Yesterday was the first wedding of the season for me...though with only seven weeks off since the last wedding of 2006...I didn't have time to get too rusty. But I do have an "experience is the best teacher" tip based on something that happened to me.

I'm a bit old-fashioned when it comes to formal portraits at church ceremony weddings. If time and the church permit, I will set up my Photogenic monolights to create my on location studio and images that rival medium format studio quality shots. Sure, it's a bit of a pain to lug the extra gear around but, for my clients, it's worth it. I was shooting in an old church so I was concerned that I'd need ground lifts (or 3-prong adapters) to power my lights if this church didn't have grounded electrical outlets. So it's always good to have a couple of those adapters handy.
What ruined my plan to use the monolights was another evil twist -- all of the outlets near the altar were dead. I had to use battery powered strobes (sigh) to get my formal shots. It occured to me that I should have checked these outlets when I popped in for the ceremony rehearsal the night before. I could have either brought along one of those handy little outlet testing devices...but even just taking one of my battery charges and a battery would have told me I had dud outlets as far as my extension chords could reach.

So...I've updated my "pre-flight" wedding checklist to verify power availability (more than just checking to see where the outlets are) at the church! Hope you can learn from my experience!


Saturday, February 17, 2007

02/17/07: Good Romance Music

Town & Country magazine writer Deborah Grave Winer recently listed a half-dozen "in the mood for love" CDs. While I wouldn't recommend using copyrighted music without proper authorization for slideshow use...nothing wrong with putting on appropriate music when you review client proofs and / or albums! :) In fact, why not give one of these CDs to your clients when they get their proof-books and tell them to listen to it while looking at your imags! ;)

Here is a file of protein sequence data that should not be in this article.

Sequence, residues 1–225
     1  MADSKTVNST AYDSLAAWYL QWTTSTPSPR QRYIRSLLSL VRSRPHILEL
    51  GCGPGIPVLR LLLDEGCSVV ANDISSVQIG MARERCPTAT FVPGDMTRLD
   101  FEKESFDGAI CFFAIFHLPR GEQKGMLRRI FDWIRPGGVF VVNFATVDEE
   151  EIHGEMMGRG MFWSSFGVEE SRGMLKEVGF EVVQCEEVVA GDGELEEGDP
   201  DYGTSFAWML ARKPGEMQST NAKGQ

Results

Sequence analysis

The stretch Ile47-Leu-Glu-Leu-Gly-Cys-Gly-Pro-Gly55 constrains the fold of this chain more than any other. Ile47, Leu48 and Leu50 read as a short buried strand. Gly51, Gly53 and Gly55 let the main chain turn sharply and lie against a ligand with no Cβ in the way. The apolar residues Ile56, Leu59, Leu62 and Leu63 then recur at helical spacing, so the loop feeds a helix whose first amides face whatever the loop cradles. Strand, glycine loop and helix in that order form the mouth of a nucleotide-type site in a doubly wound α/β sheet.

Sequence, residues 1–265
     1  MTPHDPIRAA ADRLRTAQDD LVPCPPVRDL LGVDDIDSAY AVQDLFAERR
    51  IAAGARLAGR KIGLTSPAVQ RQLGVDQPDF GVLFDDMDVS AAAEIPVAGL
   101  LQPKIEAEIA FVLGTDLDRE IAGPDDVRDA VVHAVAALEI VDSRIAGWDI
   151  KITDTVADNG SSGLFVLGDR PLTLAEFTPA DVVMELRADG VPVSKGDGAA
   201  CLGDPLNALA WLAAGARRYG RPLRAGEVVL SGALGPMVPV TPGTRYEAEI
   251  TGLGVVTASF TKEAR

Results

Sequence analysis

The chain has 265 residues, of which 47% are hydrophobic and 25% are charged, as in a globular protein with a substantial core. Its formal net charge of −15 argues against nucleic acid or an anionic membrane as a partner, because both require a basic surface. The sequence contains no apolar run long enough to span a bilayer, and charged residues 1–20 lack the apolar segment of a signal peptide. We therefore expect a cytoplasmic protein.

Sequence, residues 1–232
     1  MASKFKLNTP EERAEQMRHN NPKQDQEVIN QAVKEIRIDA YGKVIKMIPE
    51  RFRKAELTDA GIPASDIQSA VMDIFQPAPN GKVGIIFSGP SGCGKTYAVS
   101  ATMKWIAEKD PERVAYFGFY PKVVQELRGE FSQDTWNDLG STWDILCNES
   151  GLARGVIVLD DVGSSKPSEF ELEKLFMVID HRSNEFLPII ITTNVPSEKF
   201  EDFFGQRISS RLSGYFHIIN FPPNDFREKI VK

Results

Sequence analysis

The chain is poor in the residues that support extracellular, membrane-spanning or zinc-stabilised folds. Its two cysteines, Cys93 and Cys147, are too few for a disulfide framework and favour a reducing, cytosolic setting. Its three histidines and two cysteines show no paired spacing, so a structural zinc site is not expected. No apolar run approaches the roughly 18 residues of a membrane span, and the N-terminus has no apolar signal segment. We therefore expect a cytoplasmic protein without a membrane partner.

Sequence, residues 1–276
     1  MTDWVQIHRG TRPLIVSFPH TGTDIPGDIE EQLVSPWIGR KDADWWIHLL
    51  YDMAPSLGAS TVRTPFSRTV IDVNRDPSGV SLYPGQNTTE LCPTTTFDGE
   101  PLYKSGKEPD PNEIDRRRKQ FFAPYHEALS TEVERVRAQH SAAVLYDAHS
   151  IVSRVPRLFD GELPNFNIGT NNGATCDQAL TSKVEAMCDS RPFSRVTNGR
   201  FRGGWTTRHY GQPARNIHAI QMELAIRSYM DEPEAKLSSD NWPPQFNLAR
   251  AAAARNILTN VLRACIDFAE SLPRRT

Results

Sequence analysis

Here are the artists / albums that Winer listed in her "Not-So-Standard Romance" feature from the February 2007 edition of Town & Country:

  • John Pizzarelli: Dear Mr. Sinatra (Telarc; $18.98)
  • Ella Fitzgerald: Very Best of the Songbooks--Golden Anniversary Edition (Verve; $19.98)
  • Antonio Carlos Jobim: To Go--Stick It In Your Ear (Verve; $4.98)
  • Julie London: Around Midnight (Blue Note; $11.98)
  • Tony Bennett: Duets--An American Classic (Sony; $18.98)
  • Roberta Gambarini: Easy to Love (Groovin' High/Kindred Rhythm; $15.98)



Friday, February 16, 2007

02/16/07: Quote of the day...

We'll kick off the weekend with a little humor from our friend Aaron Johnson over at "What the Duck?"

And our Friday photo quote of the day is simple yet profound if you stop to think about it...

"The photographer must be a part of the picture."

--Arnold Newman

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Thursday, February 15, 2007

02/15/07: Yet Another Cool Digital Photography Blog

A friend of mine recently passed along this blog to me. I haven't dug to deep into "digital Photography School" but it seems like there are a lot of great posts that are well categorized as well as a forum. There is an "assignments" area go check it out!


Wednesday, February 14, 2007

02/14/07: It's Proposal Day!

Happy Valentine's Day! For a number of lucky ladies, today will also be proposal day! More than 10 years ago when I planned to propose to my then-girlfriend (now she's my wife! ;) ), I really planned to pop the question on Valentine's Day...but I couldn't wait so I did it at Christmas.

However, for those who do get engaged today...we photographers should be prepared. Update your web-site with recent images and do the same for your blog. Be prepared!

Whether you are married or sure to include photography in your Valentine's plans. Give gifts of photos (or cameras / gear...hint-hint...honey...if you see this, I'd like a new Canon 85mm f1.2 L lens, m-kay schnook-ems?) and, if you are out for a nice romantic evening that might include a candle-lit dinner or something like that -- at least have the waiter or waitress take a nice picture of the two of you!